July 12, 2016
Saving Sharks from Extinction
Audubon Aquarium of the Americas Joins Fellow AZA-Accredited Institutions to
Raises Awareness About Shark Conservation
Shark Awareness Day - Thursday, July 14
(New Orleans) - Sharks play a vital role in top-down maintenance of ocean ecosystems around the world yet many species of sharks, rays, and skates are vulnerable, threatened, or endangered. On Thursday, July 14, Audubon Aquarium of the Americas, along with fellow Association of Zoos and Aquariums (AZA) accredited institutions, are raising awareness about the challenges shark populations face in the wild.
"Every day across the world, 200,000 sharks are killed due to unregulated fishing," said Rich Toth, Audubon Aquarium's Managing Director. "Sharks play an important role in the food chain and this staggering figure could have devastating long-term effects on the health of our oceans. As conservationists, it's our responsibility to learn about this crisis and to do something about it."
Recently, Audubon partnered with OCEARCH to increase awareness of shark conservation locally in New Orleans. OCEARCH's shark tagging vessel, made famous in the TV show Shark Wranglers, was docked outside the Aquarium and open to tours.
Toth adds, "It's breathtaking to consider how much there is about our oceans that has yet to be scientifically researched. When you also learn the alarming statistics, it becomes clear our oceans are imperiled on several fronts."
According to AZA, the main threats to shark species are:
- Overfishing, accidental catch in fishing nets, and the effects of climate change on their habitat and food supply.
- Human consumption. Sharks are targeted for their fins - notably for shark-fin soup in Asia - and for their meat. Their skin is used for leather, and cartilage and liver oils are used in pharmaceuticals.
"Sharks suffer from misperceptions that challenge our collective ability to see them as animals critical to the health of our oceans," said Audubon Aquarium of the Americas Director of Animal Husbandry Beth Firchau. "Without sharks, our ocean ecosystems will be knocked out of balance, having devastating effects on fish and shellfish species so important to our way of life in Louisiana. Good fisheries management ensures that shark numbers won't continue to decline."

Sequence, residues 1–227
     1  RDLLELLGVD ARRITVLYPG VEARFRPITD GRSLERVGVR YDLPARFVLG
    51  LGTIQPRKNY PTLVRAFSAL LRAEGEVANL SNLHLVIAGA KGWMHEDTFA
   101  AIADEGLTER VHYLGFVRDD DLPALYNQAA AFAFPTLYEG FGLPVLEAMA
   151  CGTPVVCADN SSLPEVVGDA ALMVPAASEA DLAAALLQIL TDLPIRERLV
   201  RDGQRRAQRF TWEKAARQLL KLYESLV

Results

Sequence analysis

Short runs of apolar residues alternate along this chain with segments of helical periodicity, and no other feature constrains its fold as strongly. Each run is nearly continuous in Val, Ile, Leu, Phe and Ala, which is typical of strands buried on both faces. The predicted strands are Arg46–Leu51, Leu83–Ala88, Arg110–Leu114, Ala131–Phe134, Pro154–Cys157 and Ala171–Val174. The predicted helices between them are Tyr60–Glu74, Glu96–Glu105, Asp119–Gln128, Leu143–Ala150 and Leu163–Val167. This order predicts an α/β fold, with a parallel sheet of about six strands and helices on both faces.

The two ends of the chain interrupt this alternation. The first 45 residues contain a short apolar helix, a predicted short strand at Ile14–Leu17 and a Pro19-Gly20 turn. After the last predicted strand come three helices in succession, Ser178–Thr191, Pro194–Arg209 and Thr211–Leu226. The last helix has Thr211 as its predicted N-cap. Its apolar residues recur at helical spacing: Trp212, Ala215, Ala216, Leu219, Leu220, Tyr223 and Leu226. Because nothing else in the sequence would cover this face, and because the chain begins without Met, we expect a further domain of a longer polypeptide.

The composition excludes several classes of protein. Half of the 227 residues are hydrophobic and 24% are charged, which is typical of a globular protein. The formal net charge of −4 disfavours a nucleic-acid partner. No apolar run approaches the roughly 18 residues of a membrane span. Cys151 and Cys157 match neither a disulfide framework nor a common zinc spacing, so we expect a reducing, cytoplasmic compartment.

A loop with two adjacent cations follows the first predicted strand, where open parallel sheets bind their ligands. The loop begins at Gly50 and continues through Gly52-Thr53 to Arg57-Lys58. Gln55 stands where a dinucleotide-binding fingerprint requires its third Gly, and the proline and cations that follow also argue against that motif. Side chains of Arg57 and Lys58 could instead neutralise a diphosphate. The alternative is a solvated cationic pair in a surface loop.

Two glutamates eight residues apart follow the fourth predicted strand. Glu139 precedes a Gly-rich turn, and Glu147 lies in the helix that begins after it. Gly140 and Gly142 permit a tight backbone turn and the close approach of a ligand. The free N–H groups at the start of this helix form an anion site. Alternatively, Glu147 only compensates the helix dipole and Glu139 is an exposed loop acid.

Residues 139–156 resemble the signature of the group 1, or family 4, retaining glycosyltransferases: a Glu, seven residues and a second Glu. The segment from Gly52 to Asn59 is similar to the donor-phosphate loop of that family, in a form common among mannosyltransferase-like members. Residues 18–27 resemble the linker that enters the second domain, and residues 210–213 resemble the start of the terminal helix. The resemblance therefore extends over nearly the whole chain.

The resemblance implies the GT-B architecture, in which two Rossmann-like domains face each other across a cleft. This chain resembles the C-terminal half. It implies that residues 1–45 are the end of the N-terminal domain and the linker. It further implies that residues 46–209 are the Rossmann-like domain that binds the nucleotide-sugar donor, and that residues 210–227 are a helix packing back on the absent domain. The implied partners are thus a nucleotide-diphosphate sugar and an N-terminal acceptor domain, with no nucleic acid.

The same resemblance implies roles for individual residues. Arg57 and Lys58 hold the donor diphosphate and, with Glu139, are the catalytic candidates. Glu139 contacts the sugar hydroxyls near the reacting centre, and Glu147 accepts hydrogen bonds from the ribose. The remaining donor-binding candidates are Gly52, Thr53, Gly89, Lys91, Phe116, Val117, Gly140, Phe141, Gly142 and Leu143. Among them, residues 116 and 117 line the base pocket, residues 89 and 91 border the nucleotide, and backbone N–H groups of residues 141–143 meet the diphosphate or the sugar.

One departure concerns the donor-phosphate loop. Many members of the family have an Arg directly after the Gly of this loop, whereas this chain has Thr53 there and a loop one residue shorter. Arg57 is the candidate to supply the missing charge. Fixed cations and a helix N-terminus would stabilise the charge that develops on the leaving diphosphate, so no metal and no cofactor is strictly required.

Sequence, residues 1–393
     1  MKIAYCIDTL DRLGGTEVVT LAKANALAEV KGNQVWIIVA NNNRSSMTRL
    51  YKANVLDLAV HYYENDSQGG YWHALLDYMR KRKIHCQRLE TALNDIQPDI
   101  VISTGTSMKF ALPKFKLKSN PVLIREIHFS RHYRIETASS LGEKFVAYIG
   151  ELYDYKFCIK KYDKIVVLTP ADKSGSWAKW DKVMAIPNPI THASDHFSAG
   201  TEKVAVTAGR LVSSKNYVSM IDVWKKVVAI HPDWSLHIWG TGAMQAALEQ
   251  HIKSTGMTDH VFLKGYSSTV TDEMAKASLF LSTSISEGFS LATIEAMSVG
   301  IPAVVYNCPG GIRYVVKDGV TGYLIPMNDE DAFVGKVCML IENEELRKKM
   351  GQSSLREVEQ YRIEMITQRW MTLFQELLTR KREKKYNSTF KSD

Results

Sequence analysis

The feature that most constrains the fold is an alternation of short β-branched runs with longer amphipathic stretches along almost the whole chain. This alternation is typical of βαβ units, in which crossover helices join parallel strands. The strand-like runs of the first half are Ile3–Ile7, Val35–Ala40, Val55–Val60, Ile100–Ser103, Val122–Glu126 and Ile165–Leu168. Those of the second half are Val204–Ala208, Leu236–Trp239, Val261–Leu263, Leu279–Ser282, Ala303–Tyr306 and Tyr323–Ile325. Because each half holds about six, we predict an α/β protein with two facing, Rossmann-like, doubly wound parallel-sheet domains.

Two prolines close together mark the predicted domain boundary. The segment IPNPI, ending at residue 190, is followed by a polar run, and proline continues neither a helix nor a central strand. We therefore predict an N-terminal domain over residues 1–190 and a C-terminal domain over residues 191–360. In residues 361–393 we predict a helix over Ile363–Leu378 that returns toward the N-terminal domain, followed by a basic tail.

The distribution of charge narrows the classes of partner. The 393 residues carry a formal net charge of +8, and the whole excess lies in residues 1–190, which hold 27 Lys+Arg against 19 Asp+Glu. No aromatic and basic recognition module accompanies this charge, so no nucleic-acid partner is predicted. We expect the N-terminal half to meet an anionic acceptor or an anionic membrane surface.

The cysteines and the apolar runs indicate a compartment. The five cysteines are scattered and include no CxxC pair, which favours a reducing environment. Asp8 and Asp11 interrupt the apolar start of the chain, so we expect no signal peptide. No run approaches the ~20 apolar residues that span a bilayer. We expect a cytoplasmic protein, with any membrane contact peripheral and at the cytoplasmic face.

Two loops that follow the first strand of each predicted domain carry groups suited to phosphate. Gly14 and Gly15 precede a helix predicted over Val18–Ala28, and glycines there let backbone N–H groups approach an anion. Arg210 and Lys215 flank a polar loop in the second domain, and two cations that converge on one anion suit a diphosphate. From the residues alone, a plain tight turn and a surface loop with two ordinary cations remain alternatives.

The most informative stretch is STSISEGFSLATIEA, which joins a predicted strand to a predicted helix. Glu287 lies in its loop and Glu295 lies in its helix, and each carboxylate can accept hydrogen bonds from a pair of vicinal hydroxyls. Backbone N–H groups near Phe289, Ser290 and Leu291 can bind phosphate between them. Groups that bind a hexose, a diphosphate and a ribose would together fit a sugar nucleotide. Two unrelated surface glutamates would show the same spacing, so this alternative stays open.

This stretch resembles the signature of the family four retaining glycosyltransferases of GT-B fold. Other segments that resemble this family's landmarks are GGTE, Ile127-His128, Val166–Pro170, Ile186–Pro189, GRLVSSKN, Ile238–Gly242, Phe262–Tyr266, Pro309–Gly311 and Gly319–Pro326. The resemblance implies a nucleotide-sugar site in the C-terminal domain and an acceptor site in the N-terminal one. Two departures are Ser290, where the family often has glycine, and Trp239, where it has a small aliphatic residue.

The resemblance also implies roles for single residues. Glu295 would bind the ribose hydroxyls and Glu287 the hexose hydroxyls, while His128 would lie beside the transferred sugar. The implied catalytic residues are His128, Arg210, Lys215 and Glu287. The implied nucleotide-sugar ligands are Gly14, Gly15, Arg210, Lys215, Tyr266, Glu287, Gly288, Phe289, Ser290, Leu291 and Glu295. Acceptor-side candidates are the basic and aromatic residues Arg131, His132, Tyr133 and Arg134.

Audubon Aquarium is encouraging the public to take the following actions:
- Help spread the word. Let friends and family know that sharks need help using the hashtag #savingspecies.
- Support organizations that support shark conservation - this could be as simple as visiting an AZA-accredited aquarium.
- Support sustainable seafood and the ban on shark finning. Visit Audubon's sustainable seafood program Gulf United for Lasting Fisheries (G.U.L.F.) to learn more.
Visitors to Audubon Aquarium can learn more at a special shark chat and feed on July 14 at 1 p.m. in front of the 400,000-gallon Gulf of Mexico habitat - home to sand tiger, nurse and brown sharks.
Audubon Aquarium of the Americas
Advance tickets are recommended and can be purchased by visiting AudubonInstitute.org or at any Audubon Nature Institute attractions. Audubon Aquarium of the Americas is located at 1 Canal Street, New Orleans, LA 70130.
Audubon Nature Institute
Audubon Nature Institute operates a family of museums, parks and research facilities dedicated to celebrating the wonders of nature. Through innovative live animal exhibits, education programs, and scientific discovery, Audubon makes a meaningful contribution to preserving wildlife for the future. Audubon Nature Institute flagships include Audubon Park, Audubon Zoo, Audubon Aquarium of the Americas, Entergy Giant Screen Theater, Audubon Butterfly Garden and Insectarium, Audubon Louisiana Nature Center, Freeport-McMoRan Audubon Special Survival Center, Woldenberg Riverfront Park and Audubon Wilderness Park. Ron Forman is President and CEO of Audubon Nature Institute.